SLAC Today is available online at:
http://today.slac.stanford.edu
In this issue:
Symmetry: From Atom Smashers to X-ray Movies
Science Today: Holographic Electron Systems
Kavli Prizes Announced
SLAC Begins EPICS Training

SLAC Today

Thursday - May 29, 2008

Symmetry: From Atom Smashers to X-ray Movies

(Photo - Undulator)
In this artist's conception, a pulse of electrons travels a wiggling path through an undulator, an array of magnets, in the LCLS. This causes the electrons to give off intense X-ray light—shown here as a white glow—which can be used to study structures as small as atoms and molecules. (Image courtesy of SLAC InfoMedia.)

Particle physics has done far more than deepen our understanding of the fundamental make-up of matter; it has forced researchers to invent the very tools with which to conduct their work.

First came the cyclotron, a circular accelerator for smashing subatomic particles together. The cyclotron spawned generations of ever-bigger accelerators, from one that would fit in your hand to the Large Hadron Collider, soon to open on the Swiss-French border, which spans several postal codes and requires teams of thousands to operate.

As it evolved, accelerator technology unexpectedly gave rise to a whole new field called photon science. It sprang from a major hassle confronting high-energy physicists—the fact that electrons racing around in circles give off radiation in the form of X-ray light. Researchers found a way to put this "synchrotron radiation" to work; the result was a billion-fold increase in the brightness of X-rays available for probing processes at very small scales, and a new generation of machines known as light sources. 

"Light-source science was born from the table scraps and headaches of physics research," says Claudio Pelligrini, a physicist at the University of California, Los Angeles. "This is a case of using negative or unwanted phenomena, in which nature is helping us do what we want."  Read more in Symmetry...

(Daily Column - Science Today)

Holographic Electron Systems

Gravity describes the motion of the planets and other celestial objects in addition to the evolution of the Universe itself.  Because of its weakness, however, it can often be ignored in problems where one of the other three forces is involved.     

But recent developments in string theory suggest that gravity could provide unexpected insight into dynamics involving these "stronger forces."  The reason is not because the effects of gravity are significant. Rather, it relies on an amazing equivalence between theories of gravity and the theories describing other interactionsfor example, the interactions between electrons moving in a metal.

This equivalence is known as Maldacena duality or the AdS/CFT correspondence.  It states that a non-gravitational, strongly interacting field theory may be described by a weakly interacting gravitational theory.  An example of such a field theory is Quantum Chromodynamics (QCD)—the theory that describes the strong force.  This equivalence between gravitational and non-gravitational theories is not yet proved, and it is not at all obvious; however, it has passed every check since its proposal.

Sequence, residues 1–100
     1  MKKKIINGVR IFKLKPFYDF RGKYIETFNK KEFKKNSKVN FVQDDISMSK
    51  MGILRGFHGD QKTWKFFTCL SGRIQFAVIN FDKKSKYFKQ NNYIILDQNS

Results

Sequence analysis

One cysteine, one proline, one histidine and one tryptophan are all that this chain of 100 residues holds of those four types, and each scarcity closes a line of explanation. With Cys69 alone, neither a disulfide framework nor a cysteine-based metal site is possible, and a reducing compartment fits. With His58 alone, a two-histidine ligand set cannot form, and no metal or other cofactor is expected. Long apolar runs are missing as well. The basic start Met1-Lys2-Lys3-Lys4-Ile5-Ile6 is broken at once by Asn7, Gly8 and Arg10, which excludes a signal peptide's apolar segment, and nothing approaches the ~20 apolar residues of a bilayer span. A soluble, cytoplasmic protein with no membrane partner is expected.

The proposal begins with gravity in a curved background space called anti-de Sitter space (AdS). In the language of general relativity, this space has maximal symmetry consistent with a negative cosmological constant, and, hence, negative scalar curvature. In AdS, light can travel to spatial infinity in a finite time. Thus, the boundary at infinity must be treated as part of the space. Juan Maldacena of the Institute for Advanced Study had the idea that the gravitational theory in AdS would be completely equivalent to a field theory living on the boundary. This idea makes a weird connection between a gravity theory, say, in five dimensions to a field theory like QCD in four dimensions. But it is not completely crazy. The entropy of a gravitational theory in (d+1) dimensions and the that of an ordinary field theory in d dimensions scale in the same way with the size of the system.
Read more...

Kavli Prizes Announced


Seven pioneering scientists who have transformed human knowledge in the fields of nanoscience, neuroscience and astrophysics have become the first recipients of the million-dollar Kavli prizes.

The laureates were selected for their groundbreaking research that has significantly advanced our understanding of the unusual properties of matter on an ultra-small scale, the basic circuitry of the human brain and the nature of quasars.  Read more...

 

SLAC Begins
EPICS Training


Members of the Power Conversions Department learn about EPICS.
(Click on image for larger version.)

The Power Conversions Department had one of its first training sessions on the Experimental Physics and Industrial Controls System (EPICS) on April 29 and May 1. SLAC is in the beginning stages of a switch over to the new system, which will take a few years to complete.

The session and lab were introduced participants to building an EPICS application to "talk" to a Personal Controls Unit (PCU). PCUs can be attached to, for example, a power supply or modulator, and send the user an update of that system. The classes were taught by Steve Lewis and Stephen Schuh, with help from the EPICS team and the SLAC Controls Group.

EPICS is a collection of Open Source software tools that was pioneered by Los Alamos and Argonne National Labs and is currently used by a number of other physics laboratories including Lawrence Livermore National Lab and and Deutsches Elektronen Synchrotron (DESY).

Events

Access (see all)

Announcements
(see all | submit)

 Lab Announcements

Community Bulletin Board

News (see all | submit)

dividing line
(Office of Science/U.S. DOE Logo)

View online at http://today.slac.stanford.edu/.